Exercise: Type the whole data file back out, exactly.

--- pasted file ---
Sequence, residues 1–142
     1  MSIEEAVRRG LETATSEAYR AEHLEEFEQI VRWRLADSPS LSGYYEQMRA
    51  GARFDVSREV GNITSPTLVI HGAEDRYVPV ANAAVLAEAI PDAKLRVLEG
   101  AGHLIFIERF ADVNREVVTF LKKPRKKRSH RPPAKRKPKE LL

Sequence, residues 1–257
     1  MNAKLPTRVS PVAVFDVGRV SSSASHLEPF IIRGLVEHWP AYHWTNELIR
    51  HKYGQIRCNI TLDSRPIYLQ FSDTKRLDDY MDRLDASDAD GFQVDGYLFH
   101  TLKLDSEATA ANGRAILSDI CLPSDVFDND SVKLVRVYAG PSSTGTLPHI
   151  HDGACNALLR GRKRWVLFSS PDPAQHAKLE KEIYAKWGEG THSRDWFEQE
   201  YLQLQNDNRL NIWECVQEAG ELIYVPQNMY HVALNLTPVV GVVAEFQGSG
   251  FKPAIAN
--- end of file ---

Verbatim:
Sequence, residues 1–142
     1  MSIEEAVRRG LETATSEAYR AEHLEEFEQI VRWRLADSPS LSGYYEQMRA
    51  GARFDVSREV GNITSPTLVI HGAEDRYVPV ANAAVLAEAI PDAKLRVLEG
   101  AGHLIFIERF ADVNREVVTF LKKPRKKRSH RPPAKRKPKE LL

Sequence, residues 1–257
     1  MNAKLPTRVS PVAVFDVGRV SSSASHLEPF IIRGLVEHWP AYHWTNELIR
    51  HKYGQIRCNI TLDSRPIYLQ FSDTKRLDDY MDRLDASDAD GFQVDGYLFH
   101  TLKLDSEATA ANGRAILSDI CLPSDVFDND SVKLVRVYAG PSSTGTLPHI
   151  HDGACNALLR GRKRWVLFSS PDPAQHAKLE KEIYAKWGEG THSRDWFEQE
   201  YLQLQNDNRL NIWECVQEAG ELIYVPQNMY HVALNLTPVV GVVAEFQGSG
   251  FKPAIAN